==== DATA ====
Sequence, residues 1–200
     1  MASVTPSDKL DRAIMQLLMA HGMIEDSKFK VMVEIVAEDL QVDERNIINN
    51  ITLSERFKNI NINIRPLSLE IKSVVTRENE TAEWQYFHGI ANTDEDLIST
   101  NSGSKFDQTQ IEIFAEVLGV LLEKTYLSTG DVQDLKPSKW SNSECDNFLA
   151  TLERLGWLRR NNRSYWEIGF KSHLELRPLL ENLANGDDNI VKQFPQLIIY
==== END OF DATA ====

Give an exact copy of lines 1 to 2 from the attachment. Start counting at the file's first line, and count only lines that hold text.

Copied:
Sequence, residues 1–200
     1  MASVTPSDKL DRAIMQLLMA HGMIEDSKFK VMVEIVAEDL QVDERNIINN